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Interesting study by Ned Davis, via Van Kampen Investments of what the market's look like under different party rule. Rob Schumacher of Van Kampen notes:

In every presidential election year, voters and investors alike focus on the race for the White House, and rightfully so. You see, as shown in the accompanying chart from Ned Davis Research, the historical data depicts market returns that vary greatly under Republican or Democratic leadership.

The same data also suggest that while presidential races may dominate the statistical landscape, a more interesting interaction between politics, the public and stock prices is likely to take shape. And it has very little to do with who wins or who loses.

I am assuming that while there may be correlation between parties and market performance, there is no specific proof of causation, i.e., these policies cause those returns. My second assumption is that the Federal Reserve Chair is more important than Congress or the Presidency to markets. And in terms of data sets, 106 years -- ~26 presidential terms -- is a bit light. This might be really interesting after 500 years, though.

Regardless of those reservations, this is quite fascinating:

Gains (%) for Stocks by Party of the President and Majority Party in Congress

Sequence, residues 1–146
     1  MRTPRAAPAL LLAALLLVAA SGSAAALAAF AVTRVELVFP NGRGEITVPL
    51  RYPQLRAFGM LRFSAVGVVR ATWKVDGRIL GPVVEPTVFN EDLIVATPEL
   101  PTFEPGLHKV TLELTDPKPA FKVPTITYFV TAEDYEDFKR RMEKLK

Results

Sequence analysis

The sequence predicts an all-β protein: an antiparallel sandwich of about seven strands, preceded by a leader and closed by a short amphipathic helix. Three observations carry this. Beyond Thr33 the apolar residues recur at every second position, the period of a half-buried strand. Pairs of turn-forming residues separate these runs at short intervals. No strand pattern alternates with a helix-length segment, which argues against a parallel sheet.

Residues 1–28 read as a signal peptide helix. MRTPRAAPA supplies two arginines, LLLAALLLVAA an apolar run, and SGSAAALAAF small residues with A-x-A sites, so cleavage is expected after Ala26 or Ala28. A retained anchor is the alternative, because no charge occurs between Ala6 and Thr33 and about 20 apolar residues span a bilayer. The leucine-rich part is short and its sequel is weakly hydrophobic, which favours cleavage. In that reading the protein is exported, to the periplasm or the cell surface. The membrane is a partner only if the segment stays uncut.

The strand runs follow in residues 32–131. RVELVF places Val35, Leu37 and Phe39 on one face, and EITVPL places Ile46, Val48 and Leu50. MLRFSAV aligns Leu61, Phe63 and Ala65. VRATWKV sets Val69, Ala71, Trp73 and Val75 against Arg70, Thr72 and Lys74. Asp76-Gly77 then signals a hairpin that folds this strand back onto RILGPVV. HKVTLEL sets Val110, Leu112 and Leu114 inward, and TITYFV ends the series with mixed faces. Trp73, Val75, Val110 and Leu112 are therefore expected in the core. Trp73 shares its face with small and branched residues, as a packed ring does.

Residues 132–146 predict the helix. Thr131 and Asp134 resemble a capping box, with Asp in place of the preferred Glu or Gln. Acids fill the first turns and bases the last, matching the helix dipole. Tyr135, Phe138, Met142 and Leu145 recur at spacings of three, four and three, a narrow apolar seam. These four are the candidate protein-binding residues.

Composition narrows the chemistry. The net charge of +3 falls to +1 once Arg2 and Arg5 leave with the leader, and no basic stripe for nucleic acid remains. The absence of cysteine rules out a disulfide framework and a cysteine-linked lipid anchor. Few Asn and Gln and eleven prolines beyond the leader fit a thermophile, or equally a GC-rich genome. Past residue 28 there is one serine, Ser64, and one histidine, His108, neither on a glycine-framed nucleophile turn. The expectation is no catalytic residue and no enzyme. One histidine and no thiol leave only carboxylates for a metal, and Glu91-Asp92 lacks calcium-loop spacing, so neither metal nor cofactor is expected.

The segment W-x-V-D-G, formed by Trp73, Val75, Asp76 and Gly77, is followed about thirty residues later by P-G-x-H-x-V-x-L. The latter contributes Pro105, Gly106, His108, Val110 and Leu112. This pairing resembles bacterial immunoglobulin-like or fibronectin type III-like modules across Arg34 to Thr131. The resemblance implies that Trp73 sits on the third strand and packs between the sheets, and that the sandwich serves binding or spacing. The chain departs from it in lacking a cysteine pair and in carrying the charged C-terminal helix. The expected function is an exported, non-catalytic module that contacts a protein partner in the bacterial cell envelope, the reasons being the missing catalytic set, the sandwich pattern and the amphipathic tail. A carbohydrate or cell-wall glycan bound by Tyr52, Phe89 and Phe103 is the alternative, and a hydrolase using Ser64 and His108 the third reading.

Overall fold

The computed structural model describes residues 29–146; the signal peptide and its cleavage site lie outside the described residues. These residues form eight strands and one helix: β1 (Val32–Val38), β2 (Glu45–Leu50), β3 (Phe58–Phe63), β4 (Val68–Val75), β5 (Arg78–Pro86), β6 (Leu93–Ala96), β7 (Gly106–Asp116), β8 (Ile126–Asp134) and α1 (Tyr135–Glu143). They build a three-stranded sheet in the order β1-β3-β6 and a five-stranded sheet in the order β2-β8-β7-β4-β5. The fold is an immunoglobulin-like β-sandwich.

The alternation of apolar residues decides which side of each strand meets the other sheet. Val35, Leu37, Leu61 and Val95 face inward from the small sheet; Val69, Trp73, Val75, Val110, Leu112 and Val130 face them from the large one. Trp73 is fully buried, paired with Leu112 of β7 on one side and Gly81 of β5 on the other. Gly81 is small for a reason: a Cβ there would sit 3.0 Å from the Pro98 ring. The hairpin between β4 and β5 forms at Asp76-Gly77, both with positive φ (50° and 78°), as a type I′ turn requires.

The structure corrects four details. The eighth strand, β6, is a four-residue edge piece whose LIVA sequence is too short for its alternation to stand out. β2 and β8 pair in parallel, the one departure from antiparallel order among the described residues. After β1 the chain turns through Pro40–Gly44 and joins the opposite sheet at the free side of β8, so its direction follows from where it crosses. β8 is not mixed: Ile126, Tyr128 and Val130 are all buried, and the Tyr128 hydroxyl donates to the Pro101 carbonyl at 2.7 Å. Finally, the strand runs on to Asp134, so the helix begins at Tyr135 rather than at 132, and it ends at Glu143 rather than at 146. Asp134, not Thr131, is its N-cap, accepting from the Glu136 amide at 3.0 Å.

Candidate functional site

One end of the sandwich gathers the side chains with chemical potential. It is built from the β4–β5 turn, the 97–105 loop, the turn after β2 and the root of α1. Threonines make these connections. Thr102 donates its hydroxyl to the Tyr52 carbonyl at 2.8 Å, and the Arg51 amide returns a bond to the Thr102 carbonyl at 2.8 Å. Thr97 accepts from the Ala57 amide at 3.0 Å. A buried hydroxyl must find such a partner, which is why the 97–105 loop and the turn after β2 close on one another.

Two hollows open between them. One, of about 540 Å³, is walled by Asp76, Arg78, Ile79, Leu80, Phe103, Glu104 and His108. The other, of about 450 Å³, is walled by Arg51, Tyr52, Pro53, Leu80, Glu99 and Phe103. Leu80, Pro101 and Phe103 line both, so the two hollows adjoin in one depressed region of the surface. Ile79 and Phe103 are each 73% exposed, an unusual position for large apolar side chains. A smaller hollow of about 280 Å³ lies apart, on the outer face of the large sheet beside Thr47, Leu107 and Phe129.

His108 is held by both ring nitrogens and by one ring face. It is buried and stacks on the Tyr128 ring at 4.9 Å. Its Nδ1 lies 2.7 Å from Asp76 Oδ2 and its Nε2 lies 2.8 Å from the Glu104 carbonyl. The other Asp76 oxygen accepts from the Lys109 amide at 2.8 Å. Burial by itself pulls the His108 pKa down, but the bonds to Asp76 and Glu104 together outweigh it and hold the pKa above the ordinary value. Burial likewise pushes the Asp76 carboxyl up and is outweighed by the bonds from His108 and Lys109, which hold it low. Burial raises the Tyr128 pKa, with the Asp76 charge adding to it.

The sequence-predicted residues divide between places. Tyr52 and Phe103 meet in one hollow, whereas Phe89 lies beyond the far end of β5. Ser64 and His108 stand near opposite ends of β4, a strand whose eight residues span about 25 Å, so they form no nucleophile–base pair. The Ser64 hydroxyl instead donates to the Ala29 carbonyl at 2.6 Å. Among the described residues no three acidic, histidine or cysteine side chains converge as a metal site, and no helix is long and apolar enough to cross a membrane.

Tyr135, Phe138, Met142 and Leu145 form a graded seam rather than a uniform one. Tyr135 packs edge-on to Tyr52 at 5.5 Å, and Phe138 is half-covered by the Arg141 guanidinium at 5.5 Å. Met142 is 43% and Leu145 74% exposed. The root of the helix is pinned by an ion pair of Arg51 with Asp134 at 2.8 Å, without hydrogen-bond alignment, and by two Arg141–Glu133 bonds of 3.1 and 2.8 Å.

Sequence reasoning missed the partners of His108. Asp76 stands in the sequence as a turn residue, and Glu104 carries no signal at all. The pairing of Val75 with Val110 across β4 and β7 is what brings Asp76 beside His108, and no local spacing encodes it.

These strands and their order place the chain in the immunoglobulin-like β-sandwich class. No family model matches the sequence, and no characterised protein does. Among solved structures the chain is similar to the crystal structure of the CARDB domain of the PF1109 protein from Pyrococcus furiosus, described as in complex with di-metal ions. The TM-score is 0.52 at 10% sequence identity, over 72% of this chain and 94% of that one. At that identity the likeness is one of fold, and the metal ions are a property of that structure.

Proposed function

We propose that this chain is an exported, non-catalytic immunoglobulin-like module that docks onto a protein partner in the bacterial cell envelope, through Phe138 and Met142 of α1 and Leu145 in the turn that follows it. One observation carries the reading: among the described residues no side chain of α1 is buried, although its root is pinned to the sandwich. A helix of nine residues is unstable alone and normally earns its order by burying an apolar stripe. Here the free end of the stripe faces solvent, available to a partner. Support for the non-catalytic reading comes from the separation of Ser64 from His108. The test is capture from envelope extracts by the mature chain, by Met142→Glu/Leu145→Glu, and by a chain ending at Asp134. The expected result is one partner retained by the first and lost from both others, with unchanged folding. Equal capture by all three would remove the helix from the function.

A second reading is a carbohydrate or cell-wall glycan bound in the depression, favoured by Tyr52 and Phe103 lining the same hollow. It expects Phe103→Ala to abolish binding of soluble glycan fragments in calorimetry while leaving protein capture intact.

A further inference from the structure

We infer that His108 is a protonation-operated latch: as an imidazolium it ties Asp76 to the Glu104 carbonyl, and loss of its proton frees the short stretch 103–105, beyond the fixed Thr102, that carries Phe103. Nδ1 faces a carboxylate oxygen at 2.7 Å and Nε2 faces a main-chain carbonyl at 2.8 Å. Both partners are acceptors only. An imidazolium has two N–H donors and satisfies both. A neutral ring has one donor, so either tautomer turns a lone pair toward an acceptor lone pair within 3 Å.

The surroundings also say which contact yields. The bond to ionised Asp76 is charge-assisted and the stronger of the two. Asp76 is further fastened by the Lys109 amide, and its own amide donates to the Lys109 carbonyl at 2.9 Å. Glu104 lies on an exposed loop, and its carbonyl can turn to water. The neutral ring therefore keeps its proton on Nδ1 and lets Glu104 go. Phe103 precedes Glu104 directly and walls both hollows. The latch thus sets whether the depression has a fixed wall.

03/04/1901–10/23/2006

market

The most interesting aspect of the current research into party control has little to do with which party has Congress or the White House -- its when Congress is in session or not:

Using historical pricing on the Dow Jones Industrial Average [DJIA], the Standard and Poor’s 500 Stock Index (S&P 500), the Center for Research in Security Prices [CRSP] Equal-Weighted Returns Index and Value-Weighted Returns Index,4 Ferguson and Witte find that, “Depending on the index, daily returns when Congress is in session range from 1 to 4 basis points per day. When Congress is out of session returns range from 5 to 15 basis points a day.”

Media spin aside, in a striking conclusion Ferguson and Witte remind their readers that, “Fully 90 percent of the historical capital gains on the DJIA occurred on days when Congress was out of session

We are tempted to make the tongue-in-cheek observation that when Congress -- of either party -- is in session, it is dangerous to your portfolio's health!

And as we have discussed in the past, it is important to consider Multiple Variables in Market Analysis. Who controls the Congress or Presidency is but one issue out of 100's if not 1,000's, and perhaps a minor one at that...

Source: Which Party Is Better For the Market?